Applying GREASE to TLS Extensibility
draft-ietf-tls-grease-01

Document Type Active Internet-Draft (tls WG)
Last updated 2018-06-06
Replaces draft-davidben-tls-grease
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Network Working Group                                        D. Benjamin
Internet-Draft                                                    Google
Intended status: Informational                              June 6, 2018
Expires: December 8, 2018

                  Applying GREASE to TLS Extensibility
                        draft-ietf-tls-grease-01

Abstract

   This document describes GREASE (Generate Random Extensions And
   Sustain Extensibility), a mechanism to prevent extensibility failures
   in the TLS ecosystem.  It reserves a set of TLS protocol values that
   may be advertised to ensure peers correctly handle unknown values.

Status of This Memo

   This Internet-Draft is submitted in full conformance with the
   provisions of BCP 78 and BCP 79.

   Internet-Drafts are working documents of the Internet Engineering
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   This Internet-Draft will expire on December 8, 2018.

Copyright Notice

   Copyright (c) 2018 IETF Trust and the persons identified as the
   document authors.  All rights reserved.

   This document is subject to BCP 78 and the IETF Trust's Legal
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   described in the Simplified BSD License.

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Table of Contents

   1.  Introduction  . . . . . . . . . . . . . . . . . . . . . . . .   2
     1.1.  Requirements Language . . . . . . . . . . . . . . . . . .   3
   2.  GREASE Values . . . . . . . . . . . . . . . . . . . . . . . .   3
   3.  Client-Initiated Extension Points . . . . . . . . . . . . . .   4
     3.1.  Client Behavior . . . . . . . . . . . . . . . . . . . . .   4
     3.2.  Server Behavior . . . . . . . . . . . . . . . . . . . . .   5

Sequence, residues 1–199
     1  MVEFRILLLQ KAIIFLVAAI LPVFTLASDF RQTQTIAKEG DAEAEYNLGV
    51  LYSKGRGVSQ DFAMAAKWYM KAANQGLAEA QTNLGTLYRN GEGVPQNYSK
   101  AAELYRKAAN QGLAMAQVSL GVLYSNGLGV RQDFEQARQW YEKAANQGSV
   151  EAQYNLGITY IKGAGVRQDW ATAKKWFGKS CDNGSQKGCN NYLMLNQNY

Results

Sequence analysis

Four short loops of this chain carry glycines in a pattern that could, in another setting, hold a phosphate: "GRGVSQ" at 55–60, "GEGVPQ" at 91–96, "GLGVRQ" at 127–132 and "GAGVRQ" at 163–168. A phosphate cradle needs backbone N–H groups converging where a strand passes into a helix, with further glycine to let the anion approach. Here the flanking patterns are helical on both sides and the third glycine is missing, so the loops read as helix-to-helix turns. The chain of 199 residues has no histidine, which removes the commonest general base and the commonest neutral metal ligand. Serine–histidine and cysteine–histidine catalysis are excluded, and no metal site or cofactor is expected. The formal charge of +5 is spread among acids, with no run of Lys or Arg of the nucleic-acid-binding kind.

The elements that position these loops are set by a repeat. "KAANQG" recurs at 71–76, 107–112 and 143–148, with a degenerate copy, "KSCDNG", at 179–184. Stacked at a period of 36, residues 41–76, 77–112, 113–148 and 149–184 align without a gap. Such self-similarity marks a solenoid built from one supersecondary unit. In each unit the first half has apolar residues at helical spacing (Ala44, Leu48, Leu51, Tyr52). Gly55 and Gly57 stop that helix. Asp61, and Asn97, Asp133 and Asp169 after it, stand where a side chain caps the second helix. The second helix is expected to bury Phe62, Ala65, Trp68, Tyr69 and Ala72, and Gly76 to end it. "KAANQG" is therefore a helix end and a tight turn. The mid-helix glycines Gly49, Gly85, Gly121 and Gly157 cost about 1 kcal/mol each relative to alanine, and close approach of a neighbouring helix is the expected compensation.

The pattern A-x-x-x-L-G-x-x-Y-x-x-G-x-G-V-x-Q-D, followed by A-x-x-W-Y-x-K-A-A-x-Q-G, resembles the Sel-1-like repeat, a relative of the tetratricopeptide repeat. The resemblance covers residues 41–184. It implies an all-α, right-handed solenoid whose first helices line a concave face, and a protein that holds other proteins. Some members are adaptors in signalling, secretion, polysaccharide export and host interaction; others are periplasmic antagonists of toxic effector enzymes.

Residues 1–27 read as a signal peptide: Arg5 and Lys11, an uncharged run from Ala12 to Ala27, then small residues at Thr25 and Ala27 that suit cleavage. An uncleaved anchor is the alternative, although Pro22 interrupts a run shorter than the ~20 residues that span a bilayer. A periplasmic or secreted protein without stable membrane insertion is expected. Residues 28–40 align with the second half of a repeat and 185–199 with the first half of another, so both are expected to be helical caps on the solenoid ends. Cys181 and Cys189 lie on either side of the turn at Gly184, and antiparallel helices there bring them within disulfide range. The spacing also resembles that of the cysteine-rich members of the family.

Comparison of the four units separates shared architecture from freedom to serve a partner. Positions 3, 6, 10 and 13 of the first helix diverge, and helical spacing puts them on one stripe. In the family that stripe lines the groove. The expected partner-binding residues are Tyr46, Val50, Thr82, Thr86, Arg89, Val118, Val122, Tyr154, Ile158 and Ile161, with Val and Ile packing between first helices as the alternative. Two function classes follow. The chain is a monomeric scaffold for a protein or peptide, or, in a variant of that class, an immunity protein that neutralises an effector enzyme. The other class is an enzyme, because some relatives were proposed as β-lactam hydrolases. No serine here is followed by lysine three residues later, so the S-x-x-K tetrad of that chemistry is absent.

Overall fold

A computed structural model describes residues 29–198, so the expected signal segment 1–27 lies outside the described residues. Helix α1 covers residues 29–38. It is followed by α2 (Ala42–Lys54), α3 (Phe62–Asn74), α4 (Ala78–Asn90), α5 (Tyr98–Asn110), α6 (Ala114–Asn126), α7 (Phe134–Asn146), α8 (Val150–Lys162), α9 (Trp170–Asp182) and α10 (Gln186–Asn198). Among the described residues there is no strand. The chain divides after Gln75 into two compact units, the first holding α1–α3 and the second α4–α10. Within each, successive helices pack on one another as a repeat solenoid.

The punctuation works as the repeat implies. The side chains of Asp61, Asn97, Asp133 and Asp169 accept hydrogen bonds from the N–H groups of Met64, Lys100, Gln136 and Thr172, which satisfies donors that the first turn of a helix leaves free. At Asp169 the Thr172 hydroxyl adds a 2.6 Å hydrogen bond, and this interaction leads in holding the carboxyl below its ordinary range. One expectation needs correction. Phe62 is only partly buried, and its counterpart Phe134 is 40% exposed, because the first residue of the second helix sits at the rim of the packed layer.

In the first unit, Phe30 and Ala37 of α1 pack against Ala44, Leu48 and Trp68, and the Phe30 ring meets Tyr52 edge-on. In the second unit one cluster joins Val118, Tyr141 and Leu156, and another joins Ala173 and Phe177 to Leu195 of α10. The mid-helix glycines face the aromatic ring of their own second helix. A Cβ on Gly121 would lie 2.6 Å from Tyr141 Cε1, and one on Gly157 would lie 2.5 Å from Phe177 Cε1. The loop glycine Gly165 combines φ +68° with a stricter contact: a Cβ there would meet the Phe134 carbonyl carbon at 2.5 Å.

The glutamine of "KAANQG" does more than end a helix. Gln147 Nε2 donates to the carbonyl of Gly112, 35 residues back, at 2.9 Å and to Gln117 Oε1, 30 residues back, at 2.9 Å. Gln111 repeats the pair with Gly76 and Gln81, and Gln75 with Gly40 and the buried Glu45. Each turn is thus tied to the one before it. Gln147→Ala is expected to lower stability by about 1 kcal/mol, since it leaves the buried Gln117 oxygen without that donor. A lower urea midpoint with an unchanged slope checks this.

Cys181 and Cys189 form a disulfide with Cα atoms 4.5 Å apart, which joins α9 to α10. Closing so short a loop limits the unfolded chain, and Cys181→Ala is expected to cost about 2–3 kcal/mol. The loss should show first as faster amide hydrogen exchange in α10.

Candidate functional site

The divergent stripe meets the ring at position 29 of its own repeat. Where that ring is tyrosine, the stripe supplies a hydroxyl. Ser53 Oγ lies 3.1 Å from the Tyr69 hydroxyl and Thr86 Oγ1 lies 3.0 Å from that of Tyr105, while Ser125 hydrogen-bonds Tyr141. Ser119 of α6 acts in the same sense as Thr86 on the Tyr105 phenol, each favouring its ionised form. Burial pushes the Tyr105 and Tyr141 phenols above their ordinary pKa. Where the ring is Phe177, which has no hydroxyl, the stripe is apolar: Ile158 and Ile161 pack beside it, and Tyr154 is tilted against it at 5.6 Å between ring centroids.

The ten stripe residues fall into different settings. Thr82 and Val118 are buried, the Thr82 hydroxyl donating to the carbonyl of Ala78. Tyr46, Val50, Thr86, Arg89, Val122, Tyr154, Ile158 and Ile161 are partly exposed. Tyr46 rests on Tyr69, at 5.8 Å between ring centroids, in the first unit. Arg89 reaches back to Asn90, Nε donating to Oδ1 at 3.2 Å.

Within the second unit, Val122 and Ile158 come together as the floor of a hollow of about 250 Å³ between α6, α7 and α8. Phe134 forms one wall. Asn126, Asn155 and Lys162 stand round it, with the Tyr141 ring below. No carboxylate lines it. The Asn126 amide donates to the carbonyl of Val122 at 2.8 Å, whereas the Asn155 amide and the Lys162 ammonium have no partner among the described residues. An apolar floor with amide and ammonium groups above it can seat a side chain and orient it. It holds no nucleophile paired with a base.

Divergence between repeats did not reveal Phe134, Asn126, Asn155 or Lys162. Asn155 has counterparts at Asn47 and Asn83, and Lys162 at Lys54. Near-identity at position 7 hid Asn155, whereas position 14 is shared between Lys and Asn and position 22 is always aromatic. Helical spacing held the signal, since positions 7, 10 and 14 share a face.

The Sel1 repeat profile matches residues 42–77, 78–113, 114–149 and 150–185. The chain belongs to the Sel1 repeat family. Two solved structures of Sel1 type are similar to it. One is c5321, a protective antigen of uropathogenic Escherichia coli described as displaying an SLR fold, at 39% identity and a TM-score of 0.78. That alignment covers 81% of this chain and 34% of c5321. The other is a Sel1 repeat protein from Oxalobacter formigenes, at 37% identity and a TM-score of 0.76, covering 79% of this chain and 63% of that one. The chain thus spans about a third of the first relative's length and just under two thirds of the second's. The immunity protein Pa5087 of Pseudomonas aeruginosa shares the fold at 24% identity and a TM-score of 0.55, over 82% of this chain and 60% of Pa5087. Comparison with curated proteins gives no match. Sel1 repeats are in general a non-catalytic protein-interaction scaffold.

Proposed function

4.  Server-Initiated Extension Points . . . . . . . . . . . . . .   6
     4.1.  Server Behavior . . . . . . . . . . . . . . . . . . . . .   6
     4.2.  Client Behavior . . . . . . . . . . . . . . . . . . . . .   6
   5.  Sending GREASE Values . . . . . . . . . . . . . . . . . . . .   7
   6.  IANA Considerations . . . . . . . . . . . . . . . . . . . . .   7
   7.  Security Considerations . . . . . . . . . . . . . . . . . . .   9
   8.  Acknowledgements  . . . . . . . . . . . . . . . . . . . . . .   9
   9.  Normative References  . . . . . . . . . . . . . . . . . . . .  10
   Author's Address  . . . . . . . . . . . . . . . . . . . . . . . .  10

1.  Introduction

   The TLS protocol [I-D.ietf-tls-tls13] includes several points of
   extensibility, including the list of cipher suites and the list of
   extensions.  The values in these lists identify implementation
   capabilities.  TLS follows a model where one side, usually the
   client, advertises capabilities and the peer, usually the server,
   selects them.  The responding side must ignore unknown values so that
   new capabilities may be introduced to the ecosystem while maintaining
   interoperability.

   However, bugs may cause an implementation to reject unknown values.
   It will interoperate with existing peers, so the mistake may spread
   through the ecosystem unnoticed.  Later, when new values are defined,
   updated peers will discover that the metaphorical joint in the
   protocol has rusted shut and that the new values cannot be deployed
   without interoperability failures.

   To avoid this problem, this document reserves some currently unused
   values for TLS implementations to advertise at random.  Correctly
   implemented peers will ignore these values and interoperate.  Peers
   that do not tolerate unknown values will fail to interoperate,
   revealing the mistake before it is widespread.

   In keeping with the rusted joint metaphor, this technique is named
   GREASE (Generate Random Extensions And Sustain Extensibility).

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1.1.  Requirements Language

   The key words "MUST", "MUST NOT", "REQUIRED", "SHALL", "SHALL NOT",
   "SHOULD", "SHOULD NOT", "RECOMMENDED", "MAY", and "OPTIONAL" in this
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